Workshop Series on the Emotionally Focused Therapy
Seton Hall offers a three-part virtual workshop series on Emotionally Focused Therapy. Offered Sunday evenings from 7:30 - 8:30 p.m. on April 11, 18 and 25, the workshops are led by Alan Groveman, Ph.D., program Director of the Seton Hall's Marriage and Family Therapy program.
Continuing education credits are available for psychologists and Licensed Professional Counselors. The series is open to current students and alumni of the College of Education and Human Service's professional psychology and family therapy program, as well as students and graduates of the College of Nursing and Seton Hall's social work programs.
The EFT Model
Emotionally Focused Therapy is a short-term, structured therapy, that can be used with couples, families and individuals. Research studies find that 70-75% of couples move from distress to recovery in 10-12 sessions and 90% show significant improvement. It is currently the best delineated and most empirically validated therapy of the past 25 years.
Distress between couples and within families arises from a perceived threat of the loss of the basic human needs for safety, security, and closeness in intimate relationships. EFT therapists help clients understand the negative interactions that leave them feeling distant, hurt, or angry. We help clients to:
- Change the emotional responses that maintain their old pattern.
- To understand each other more fully.
- To develop the ability to connect more deeply.
As a result, communication becomes easier and more effective. Couples and family members are better able to solve problems and work cooperatively.
Sunday, April 11 7:30 – 8:30 p.m.
This workshop focuses on the first stage of EFT - Assessment and Cycle De-escalation - and the steps that form the structure for de-escalating couple and family discord.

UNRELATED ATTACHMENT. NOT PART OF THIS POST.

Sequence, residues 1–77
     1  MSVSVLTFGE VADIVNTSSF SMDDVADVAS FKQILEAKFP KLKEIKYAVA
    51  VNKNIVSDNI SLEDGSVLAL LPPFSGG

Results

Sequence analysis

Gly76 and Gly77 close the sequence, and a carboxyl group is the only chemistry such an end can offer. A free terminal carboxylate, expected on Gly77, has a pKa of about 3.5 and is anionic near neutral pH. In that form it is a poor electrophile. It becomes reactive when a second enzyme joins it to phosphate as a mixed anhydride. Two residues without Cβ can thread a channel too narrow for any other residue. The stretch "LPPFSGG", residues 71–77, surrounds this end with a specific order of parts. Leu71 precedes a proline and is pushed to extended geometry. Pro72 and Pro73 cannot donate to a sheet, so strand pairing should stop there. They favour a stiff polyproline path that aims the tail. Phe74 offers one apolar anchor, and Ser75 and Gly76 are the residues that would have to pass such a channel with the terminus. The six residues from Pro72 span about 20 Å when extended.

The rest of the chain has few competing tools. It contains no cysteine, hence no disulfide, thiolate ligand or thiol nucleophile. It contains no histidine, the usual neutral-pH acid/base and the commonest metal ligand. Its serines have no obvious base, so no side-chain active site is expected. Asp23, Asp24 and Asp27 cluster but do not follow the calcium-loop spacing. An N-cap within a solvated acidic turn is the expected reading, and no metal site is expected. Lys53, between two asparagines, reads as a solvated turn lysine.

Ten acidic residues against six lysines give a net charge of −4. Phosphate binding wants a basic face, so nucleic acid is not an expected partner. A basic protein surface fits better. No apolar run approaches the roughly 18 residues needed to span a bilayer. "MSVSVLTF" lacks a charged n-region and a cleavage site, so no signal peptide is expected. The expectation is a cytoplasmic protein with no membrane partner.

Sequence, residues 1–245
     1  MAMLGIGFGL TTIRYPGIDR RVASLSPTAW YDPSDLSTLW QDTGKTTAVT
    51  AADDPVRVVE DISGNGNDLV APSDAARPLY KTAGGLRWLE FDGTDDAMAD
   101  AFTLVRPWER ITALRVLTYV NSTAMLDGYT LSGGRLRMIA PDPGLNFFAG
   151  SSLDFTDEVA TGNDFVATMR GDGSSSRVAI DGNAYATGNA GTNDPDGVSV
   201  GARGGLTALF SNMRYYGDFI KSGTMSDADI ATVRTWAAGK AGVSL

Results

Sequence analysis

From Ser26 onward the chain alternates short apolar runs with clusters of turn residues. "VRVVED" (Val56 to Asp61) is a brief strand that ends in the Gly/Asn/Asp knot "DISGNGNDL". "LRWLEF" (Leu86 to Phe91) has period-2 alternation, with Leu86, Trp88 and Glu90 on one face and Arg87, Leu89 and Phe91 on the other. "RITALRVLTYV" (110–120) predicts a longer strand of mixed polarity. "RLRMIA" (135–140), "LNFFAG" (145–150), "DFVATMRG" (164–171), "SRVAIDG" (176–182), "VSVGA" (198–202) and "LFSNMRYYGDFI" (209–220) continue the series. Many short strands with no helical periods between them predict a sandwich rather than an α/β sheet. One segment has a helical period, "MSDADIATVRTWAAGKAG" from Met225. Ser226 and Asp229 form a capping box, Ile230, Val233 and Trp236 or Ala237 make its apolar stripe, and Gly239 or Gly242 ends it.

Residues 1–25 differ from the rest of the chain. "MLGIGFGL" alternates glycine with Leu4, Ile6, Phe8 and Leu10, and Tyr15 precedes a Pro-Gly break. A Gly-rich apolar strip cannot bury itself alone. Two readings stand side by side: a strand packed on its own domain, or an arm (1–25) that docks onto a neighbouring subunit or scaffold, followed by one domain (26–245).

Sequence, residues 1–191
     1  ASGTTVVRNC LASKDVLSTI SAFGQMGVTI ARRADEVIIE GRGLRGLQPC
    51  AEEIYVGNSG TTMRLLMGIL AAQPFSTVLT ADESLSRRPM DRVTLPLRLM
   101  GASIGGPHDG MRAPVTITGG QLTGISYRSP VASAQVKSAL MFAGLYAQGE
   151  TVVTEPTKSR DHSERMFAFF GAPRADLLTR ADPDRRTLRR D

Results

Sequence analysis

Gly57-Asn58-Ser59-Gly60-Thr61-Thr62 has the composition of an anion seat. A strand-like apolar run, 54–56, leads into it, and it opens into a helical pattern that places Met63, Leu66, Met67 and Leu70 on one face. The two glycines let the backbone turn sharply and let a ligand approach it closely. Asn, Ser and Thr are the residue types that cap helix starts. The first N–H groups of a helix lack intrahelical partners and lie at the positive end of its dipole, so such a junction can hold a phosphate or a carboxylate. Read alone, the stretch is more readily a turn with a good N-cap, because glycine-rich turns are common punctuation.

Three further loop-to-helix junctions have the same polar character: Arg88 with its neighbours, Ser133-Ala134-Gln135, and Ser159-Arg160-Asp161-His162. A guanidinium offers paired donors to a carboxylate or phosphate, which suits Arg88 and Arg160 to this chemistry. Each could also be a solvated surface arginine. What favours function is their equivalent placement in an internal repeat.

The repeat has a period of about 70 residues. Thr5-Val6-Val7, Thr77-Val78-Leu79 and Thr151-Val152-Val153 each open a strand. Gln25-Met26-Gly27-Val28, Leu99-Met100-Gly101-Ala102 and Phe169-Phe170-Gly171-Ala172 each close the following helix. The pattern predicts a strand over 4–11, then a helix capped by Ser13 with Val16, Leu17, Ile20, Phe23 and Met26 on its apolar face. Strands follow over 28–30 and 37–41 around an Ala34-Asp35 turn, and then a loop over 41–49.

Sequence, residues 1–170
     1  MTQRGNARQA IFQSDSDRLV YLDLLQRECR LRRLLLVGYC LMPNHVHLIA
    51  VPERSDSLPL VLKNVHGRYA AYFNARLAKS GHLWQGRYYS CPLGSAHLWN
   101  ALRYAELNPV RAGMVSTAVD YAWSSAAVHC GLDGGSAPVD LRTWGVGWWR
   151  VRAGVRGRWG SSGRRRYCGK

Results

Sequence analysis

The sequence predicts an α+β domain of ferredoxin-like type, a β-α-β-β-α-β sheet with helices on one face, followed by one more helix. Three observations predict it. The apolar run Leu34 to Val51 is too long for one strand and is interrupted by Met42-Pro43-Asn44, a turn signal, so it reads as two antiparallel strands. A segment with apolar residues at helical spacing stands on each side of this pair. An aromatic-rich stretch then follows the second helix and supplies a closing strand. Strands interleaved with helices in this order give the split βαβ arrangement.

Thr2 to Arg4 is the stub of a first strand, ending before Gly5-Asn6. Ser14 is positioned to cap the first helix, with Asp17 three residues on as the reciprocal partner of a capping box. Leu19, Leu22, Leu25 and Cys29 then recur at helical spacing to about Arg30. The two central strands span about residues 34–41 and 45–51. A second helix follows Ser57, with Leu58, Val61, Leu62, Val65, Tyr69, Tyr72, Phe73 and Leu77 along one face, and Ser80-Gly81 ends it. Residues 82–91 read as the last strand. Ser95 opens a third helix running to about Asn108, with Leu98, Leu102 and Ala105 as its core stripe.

- Develop a clear understanding of the basic experiential and systemic concepts of an "Emotionally Focused" approach to couple and family therapy.
- Conceptualize distress and relationship repair based on theories of attachment and emotion.
- Identify requisite skills required in helping couples and families reprocess the emotional responses that maintain relational distress.
- Utilize the phenomenon of couple and family distress in an attachment context
Sunday, April 18, 7:30 – 8:30 p.m.
This workshop looks at the second and third stages of the EFT Model: Changing international positions and creating new bonding event; and Consolidation/Integration.
- Develop specific skills to overcome therapeutic impasses with couples and families.
- Develop skills to create change events in therapy that foster a more secure bond between partners, or family members
- Demonstrate skills in helping shape new interaction patterns and bonding events
- Recognize and effectively intervene to resolve common impasses and difficult issues in couple and family therapy
Sunday, April 25, 7:30 – 8:30 p.m.
The third and final workshop in the EFT series will address the dysregulation often presented by couples and families in counseling. Affect regulation, is a critical component of couple and family work. The dyadic regulatory interaction between a couple, or family members, plays a significant role in stabilizing relationship.
- Name three neurological circuits involved in affect regulation
- Describe two distinct theories of affect regulation and how they differ
- Explain the role of the amygdala in emotional responses and what is meant by the amygdala hijack
- Describe the DART process and how it can be used to regulate the hypo and hyper aroused couple
Post-Workshop evaluations will be obtained using Qualtrics.
1.5 CE credits, for each workshop, are available through the New Jersey Collaborative for Emotionally Focused Therapy an approved American Psychological Association sponsor of continuing education for psychologists. The New Jersey Collaborative for Emotionally Focused Therapy maintains responsibility for this program and its content.
About the Instructor
All workshops will be presented by Alan Groveman, Ph.D, ABPP. Dr. Groveman is the program director of Seton Hall’s Marriage and Family Therapy program, as well as the interim director of the on-campus Counseling/Professional Counseling Program in the Department of Professional Psychology and Family Therapy. He is a New Jersey and Rhode Island licensed psychologist, and is Board Certified in Couple and Family Psychology by the American Board of Professional Psychology. Dr. Groveman is a certified EFT therapist and supervisor.